I don't know very much about the historical importance of Cardinal Kim Soo Hwan, and this documentary doesn't go over his accomplishments in very great detail. It is assumed, to some extent, that the viewer at least knows who this man is. This might sound a bit disorienting, but in the context of the film the reason for this detached storytelling is established right from the beginning. The very first we see of the man, Cardinal Kim Soo Hwan is acting jovially confused about which camera he's supposed to look at.
Cardinal Kim Soo Hwan was not a man who cared very much about media presence or the popularization of his identity. This certainly takes on ironic overtones given his role in the Democratization Movement, but it's very clear that Cardinal Kim Soo Hwan never really thought of himself as being an important entity in the historical process. For him it was just, what can I do to help people? I'll do that. That sounds like a good idea.
Given that Cardinal Kim Soo Hwan died five years ago and there is quite a bit of footage here that was deliberately filmed with the intent of creating this documentary, it's hard not to ignore the general context where the film is being released today. In many ways Cardinal Kim Soo Hwan represent a brand of personal, emotionally focused Catholicism. Basically what we've been seeing since Pope Francis attained the Church's highest position.
As a result, rather than bray about the extent and wonder of Cardinal Kim Soo Hwan's accomplishments, "The Cardinal" instead tells a much more personal story about the kind of man he is on a personal level, and emphasizes that rather than any kind of more historically epic tale of him being larger than life. It's inescapable just how good Cardinal Kim Soo Hwan is with people. Oblivious and uncaring of the camera, we constantly sees him mete out small joys and annoyances to the people he meets, and they always come out the better for the experience.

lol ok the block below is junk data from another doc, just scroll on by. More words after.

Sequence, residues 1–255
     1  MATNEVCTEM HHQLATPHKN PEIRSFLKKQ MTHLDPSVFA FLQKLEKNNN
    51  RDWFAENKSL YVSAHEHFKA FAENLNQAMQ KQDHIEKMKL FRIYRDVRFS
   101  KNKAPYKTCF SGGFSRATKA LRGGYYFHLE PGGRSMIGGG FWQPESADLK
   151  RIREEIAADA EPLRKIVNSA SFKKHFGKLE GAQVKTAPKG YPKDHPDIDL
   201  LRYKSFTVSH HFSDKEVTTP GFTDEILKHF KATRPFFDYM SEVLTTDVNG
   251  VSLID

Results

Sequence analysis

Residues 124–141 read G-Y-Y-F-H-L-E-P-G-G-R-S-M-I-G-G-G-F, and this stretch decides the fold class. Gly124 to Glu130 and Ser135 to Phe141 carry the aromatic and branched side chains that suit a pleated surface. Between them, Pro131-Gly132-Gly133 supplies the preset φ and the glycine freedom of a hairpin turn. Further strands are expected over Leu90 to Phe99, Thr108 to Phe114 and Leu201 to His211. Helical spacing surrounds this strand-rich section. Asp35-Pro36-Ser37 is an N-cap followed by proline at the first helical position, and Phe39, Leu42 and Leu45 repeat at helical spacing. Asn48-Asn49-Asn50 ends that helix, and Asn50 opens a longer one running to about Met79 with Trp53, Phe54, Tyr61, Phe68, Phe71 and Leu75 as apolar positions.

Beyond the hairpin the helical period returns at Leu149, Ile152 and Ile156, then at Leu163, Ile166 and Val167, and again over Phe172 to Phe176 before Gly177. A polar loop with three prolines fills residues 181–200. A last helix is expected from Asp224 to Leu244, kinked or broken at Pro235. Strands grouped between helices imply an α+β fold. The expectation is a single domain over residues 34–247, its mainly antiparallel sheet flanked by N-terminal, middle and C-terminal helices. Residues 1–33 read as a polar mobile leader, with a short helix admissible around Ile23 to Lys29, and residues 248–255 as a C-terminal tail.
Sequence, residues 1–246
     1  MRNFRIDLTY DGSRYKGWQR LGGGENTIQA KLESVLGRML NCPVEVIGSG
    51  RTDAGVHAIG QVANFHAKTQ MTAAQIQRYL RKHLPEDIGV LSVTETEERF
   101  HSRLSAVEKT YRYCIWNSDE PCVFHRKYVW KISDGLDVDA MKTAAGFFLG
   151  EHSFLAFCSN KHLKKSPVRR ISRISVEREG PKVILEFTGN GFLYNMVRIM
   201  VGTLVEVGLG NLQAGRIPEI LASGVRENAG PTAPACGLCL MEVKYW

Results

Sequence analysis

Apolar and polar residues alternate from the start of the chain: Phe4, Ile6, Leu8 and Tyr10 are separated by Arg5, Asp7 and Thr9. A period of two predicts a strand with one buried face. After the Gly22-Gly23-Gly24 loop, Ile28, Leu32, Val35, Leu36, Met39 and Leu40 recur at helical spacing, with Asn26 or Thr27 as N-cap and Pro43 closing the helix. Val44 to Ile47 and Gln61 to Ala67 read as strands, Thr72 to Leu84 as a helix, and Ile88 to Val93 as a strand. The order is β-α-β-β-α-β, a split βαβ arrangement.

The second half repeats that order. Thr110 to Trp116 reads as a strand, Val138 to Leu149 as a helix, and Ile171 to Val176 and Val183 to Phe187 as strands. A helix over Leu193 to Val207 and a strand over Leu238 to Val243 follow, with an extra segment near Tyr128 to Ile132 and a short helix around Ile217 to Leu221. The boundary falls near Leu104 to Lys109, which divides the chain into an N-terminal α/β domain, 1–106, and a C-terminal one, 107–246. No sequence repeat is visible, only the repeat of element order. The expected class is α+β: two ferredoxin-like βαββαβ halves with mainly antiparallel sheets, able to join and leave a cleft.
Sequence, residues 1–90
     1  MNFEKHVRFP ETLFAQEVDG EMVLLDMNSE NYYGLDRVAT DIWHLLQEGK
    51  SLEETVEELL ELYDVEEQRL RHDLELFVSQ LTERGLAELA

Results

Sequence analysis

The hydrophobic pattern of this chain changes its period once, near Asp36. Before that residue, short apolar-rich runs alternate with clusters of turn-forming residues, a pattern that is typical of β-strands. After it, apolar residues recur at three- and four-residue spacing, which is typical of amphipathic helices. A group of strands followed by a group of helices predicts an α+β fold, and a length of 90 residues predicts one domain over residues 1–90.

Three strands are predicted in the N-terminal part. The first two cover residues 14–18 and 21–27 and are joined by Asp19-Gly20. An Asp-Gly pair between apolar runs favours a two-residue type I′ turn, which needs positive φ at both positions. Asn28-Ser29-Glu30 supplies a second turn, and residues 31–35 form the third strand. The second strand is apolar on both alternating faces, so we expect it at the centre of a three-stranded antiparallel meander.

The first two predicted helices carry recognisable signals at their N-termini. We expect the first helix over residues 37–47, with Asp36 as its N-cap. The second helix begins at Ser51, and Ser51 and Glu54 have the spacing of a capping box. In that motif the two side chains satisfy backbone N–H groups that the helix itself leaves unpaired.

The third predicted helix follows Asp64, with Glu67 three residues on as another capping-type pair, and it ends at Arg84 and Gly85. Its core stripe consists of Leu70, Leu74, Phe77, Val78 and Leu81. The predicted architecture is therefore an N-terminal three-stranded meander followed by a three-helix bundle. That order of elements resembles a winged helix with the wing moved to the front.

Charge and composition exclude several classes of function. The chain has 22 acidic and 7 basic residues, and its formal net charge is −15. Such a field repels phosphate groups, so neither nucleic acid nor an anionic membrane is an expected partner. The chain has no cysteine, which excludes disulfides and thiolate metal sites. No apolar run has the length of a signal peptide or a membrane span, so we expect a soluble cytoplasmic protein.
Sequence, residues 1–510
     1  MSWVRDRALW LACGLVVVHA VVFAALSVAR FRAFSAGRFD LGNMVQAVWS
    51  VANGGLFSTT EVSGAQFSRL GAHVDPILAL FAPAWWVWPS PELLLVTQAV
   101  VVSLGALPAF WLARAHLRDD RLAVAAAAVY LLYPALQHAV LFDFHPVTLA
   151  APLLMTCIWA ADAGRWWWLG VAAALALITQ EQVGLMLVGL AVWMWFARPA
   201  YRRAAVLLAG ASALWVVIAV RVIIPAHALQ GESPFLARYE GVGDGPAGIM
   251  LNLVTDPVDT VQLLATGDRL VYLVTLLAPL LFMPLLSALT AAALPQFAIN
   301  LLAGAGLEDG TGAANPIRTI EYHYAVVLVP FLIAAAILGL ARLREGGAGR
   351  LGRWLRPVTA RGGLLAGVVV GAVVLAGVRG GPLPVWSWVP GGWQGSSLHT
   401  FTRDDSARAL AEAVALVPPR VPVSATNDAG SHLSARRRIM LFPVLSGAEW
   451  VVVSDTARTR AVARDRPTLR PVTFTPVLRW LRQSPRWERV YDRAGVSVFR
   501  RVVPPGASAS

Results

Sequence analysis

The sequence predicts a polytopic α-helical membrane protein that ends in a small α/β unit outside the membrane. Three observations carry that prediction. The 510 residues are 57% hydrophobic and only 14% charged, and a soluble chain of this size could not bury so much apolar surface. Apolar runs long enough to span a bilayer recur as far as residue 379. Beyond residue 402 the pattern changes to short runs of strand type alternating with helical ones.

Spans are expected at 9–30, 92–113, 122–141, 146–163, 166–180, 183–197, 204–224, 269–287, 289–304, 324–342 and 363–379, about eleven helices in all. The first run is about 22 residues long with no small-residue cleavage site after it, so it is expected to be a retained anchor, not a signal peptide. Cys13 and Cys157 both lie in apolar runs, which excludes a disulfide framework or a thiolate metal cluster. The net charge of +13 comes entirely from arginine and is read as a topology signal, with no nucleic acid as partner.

Interviews with other people, too, are less about Cardinal Kim Soo Hwan's deeds than they are just anecdotes about his kind personality. He represented stability, such that it's easy to see by the end why so many people were deeply emotionally moved by his passing. Cardinal Kim Soo Hwan represents the very best ideal a man in his position could hope for. He gave love to the world and wasn't really rewarded with it so much that he just understood. His life, even in the mires of conflict, was a very peaceful one.
All of this serve to make "The Cardinal" an unusual film. It has exactly the correct appearance of a traditional documentary, with unmoving cameras, direct interviews, and relevant televised footage spliced in. But none of this is in the service of objective truth. "The Cardinal" is openly about the subjective judgments people made of Cardinal Kim Soo Hwan as a human being, and how he lives on memory. Given the basically religious work the man dealt in, this makes for quite the poetic statement on what any person of faith should aspire to.
Review by William Schwartz
Staff writer. Has been writing articles for HanCinema since 2012, having lived in South Korea since 2011. Started out in Gyeongju, then to Daegu, then to Ansan, then to Yeongju, then to Seoul, lived on the road for HanCinema's travel diaries series in the summer of 2016, and is currently settled in Anyang. Has good tips for utilizing South Korea's public bus system. William Schwartz can be contacted via firstname.lastname@example.org.
"[HanCinema's Film Review] "The Cardinal""
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